Post by Paul2 » Thu May 13, 2021 12:27 pm

OK, I think I got it.

So, Nyquist will only "return" a single thing (text, values, sound) and terminate, essentially then a print also contains an end or terminate, so to speak.
Because the return value from the entire script is a string value, Audacity displays it in a message box.
Got it.

So if the two variables were completely independent, then a "print" (or just "Some Warning Text") if any one was a nil, would stop the script.

I was under the impression that Nyquist was a "dynamic" thing that ran in the background and Audacity was just the GUI for it and it could interact (i.e. output multiple things) and Audacity would display them either as a message or prompt for user input.
By prompt, I mean a prompt after the initial start of execution, for example:

A user selects a certain filter, the script prompts for certain values.
(I know that sliders can set limits but let's overlook that for now).

The script starts and for some reason, one of the values don't make sense, the script could then re-prompt the user with two choices:

- Correct the value, or
- Terminate.

Understand now that Audacity waits for the first output from Nyquist and at that point it takes over again and the script stops.
At this point, all script data in RAM is cleared except for "scratch".
If the above is true, then is it a fair assumption that Nyquist does all the garbage collecting and no need for the user/script to invoke it?

Wow, this is more fun than I expected...seriously, I know, I'm a nerd, what can I say.

Will update the script accordingly.

steve
Site Admin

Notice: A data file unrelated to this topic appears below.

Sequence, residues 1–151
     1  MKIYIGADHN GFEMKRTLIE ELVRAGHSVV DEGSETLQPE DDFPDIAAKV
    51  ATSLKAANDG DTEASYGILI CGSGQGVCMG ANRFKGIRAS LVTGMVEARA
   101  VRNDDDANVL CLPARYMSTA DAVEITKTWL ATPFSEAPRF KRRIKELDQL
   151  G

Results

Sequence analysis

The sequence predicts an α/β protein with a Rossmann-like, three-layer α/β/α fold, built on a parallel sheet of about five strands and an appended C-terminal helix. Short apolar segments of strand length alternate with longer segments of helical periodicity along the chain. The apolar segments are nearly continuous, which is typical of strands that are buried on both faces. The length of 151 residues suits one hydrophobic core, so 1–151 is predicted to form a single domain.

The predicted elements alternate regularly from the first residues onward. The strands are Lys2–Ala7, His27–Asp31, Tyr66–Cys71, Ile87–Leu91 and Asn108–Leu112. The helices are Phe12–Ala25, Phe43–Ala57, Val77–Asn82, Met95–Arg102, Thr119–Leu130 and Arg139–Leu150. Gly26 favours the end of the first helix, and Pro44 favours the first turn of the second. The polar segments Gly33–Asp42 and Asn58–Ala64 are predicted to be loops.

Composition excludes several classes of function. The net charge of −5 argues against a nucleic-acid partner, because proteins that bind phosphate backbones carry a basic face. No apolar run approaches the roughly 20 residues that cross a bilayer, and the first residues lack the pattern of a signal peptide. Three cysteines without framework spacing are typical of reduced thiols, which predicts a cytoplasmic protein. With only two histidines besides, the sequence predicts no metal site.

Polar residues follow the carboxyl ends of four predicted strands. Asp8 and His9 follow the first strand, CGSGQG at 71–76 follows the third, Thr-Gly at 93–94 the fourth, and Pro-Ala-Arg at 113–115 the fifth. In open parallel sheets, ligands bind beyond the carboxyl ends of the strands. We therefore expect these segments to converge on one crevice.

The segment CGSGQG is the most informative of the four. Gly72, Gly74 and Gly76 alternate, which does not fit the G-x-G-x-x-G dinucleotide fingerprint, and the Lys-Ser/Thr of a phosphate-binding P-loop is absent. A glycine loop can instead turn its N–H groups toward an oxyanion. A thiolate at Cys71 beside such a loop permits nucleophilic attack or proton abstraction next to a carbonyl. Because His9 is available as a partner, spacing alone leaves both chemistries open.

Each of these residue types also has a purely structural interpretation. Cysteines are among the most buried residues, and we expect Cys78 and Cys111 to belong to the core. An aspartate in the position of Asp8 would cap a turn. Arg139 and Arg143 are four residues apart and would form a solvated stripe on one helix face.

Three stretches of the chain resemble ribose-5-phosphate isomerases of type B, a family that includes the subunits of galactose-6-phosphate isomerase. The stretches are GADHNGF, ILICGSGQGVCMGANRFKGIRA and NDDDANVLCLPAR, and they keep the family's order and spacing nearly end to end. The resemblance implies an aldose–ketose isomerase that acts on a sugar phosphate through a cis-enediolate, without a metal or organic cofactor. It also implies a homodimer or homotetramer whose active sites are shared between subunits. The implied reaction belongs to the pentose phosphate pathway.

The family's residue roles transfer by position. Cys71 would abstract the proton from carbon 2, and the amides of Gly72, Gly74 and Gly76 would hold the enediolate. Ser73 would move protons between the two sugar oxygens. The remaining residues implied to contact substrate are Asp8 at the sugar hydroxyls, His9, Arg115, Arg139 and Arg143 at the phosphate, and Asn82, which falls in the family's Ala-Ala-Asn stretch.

Posts: 81337
Joined: Sat Dec 01, 2007 11:43 am
Operating System: Linux *buntu

Re: Spectral Bandpass Filter Plugin

Post by steve » Thu May 13, 2021 1:24 pm

Paul2 wrote:
Thu May 13, 2021 12:27 pm
So, Nyquist will only "return" a single thing (text, values, sound) and terminate, essentially then a print also contains an end or terminate, so to speak.
Yes, Nyquist will only return one single thing. (a stereo sound is ONE array containing two sounds).

PRINT returns a string value, and also has a "side effect". The side effect is that it prints to the debug stream.

If you run this in the Nyquist Prompt:

Code: Select all

(print "Hello")
you will see that it returns "Hello", which Audacity displays in a message window.

If you run this in the Nyquist Prompt:

Code: Select all

(print "Hello")
(print "World")
You will see that the script returns the final value: "World",
but if you use the Debug button, you will see both side effects:

Code: Select all

"Hello"
"World"
(This can be extremely useful when debugging a script).
9/10 questions are answered in the FREQUENTLY ASKED QUESTIONS (FAQ)

steve
Site Admin
Posts: 81337
Joined: Sat Dec 01, 2007 11:43 am
Operating System: Linux *buntu

Re: Spectral Bandpass Filter Plugin

Post by steve » Thu May 13, 2021 1:36 pm

Paul2 wrote:
Thu May 13, 2021 12:27 pm
I was under the impression that Nyquist was a "dynamic" thing that ran in the background and Audacity was just the GUI for it and it could interact
Not yet, though that "may" come in the future.

Nyquist is really a separate application (a computer language), that was shoehorned into Audacity way back in the early history of Audacity's development.